What about Ms. Nott? She hosts a terrific podcast on First Amendment issues and carefully walks listeners through complicated legal issues pertaining to free speech. “You don’t have to love the First Amendment,” Ms. Nott wrote earlier this year. “Just acknowledge that we all need it.”
Or how about Clay Hansen? Mr. Hansen, the executive director of the Thomas Jefferson Center for the Protection of Free Expression, was recently profiled in a HuffPost piece entitled “The Ugly Business of Defending Free Speech in 2017.” In the article, Mr. Hansen discusses his group’s defense of everyone from neo-Nazis to Colin Kaepernick. He points out that “if we don’t defend these people now, it could be you next.”
And let’s not forget Dave Rubin. Mr. Rubin, a former comedian and host of YouTube show “The Rubin Report,” has made a name for himself by engaging with people from all across the political spectrum, including those with whom he vehemently disagrees. Guests have included Mr. Yiannopoulos, actor Stephen Fry, conservative commentator Ben Shapiro, and feminist activist Ayaan Hirsi Ali. Through all his interviews, Mr. Rubin has consistently taken the approach that more dialogue is better than less.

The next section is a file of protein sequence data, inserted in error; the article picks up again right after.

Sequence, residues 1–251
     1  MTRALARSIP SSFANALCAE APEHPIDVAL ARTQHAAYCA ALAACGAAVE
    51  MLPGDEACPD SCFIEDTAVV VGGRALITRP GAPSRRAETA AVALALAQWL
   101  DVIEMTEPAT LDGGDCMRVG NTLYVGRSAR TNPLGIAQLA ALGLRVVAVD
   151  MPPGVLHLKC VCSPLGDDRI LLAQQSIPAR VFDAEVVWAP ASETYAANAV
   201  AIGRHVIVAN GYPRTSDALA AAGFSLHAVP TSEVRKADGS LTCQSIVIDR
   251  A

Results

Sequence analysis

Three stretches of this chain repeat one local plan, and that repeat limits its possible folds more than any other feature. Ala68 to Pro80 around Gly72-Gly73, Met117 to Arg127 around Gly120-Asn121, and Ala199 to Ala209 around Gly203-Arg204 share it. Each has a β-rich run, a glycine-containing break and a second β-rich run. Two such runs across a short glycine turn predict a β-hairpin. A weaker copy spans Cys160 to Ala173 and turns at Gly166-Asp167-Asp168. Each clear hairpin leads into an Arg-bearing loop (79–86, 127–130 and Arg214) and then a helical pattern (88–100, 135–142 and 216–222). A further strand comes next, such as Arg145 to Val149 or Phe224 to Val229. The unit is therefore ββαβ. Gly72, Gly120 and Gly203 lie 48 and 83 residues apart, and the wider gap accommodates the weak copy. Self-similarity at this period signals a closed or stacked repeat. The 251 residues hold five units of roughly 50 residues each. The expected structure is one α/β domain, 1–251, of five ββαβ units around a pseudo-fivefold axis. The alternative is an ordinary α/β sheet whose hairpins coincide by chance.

“To me there is nothing more important in a democracy than free speech and debate,” Mr. Rubin once said. “We should debate everything, we should talk about everything, we should engage ideas we aren't comfortable with, and we should let the best ideas win. That's how a healthy society based on rational ideas and a secular government should work.”
Do any of these candidates have the acuity, the tenacity, or the courage needed to be the champion that Nat Hentoff was? That’s not clear.
What is clear, however, is that as long as vitriolic agitators masquerading as advocates dominate the conversation, the public’s understanding of the First Amendment — the right Mr. Hentoff described as “the right from which all others flow” — will suffer in the court of public opinion. And as George Orwell argued, without free speech protections and support for those protections, “inconvenient minorities will be prosecuted, even if laws exist to protect them.”
Who will step into the breach? Who will take Nat Hentoff’s place?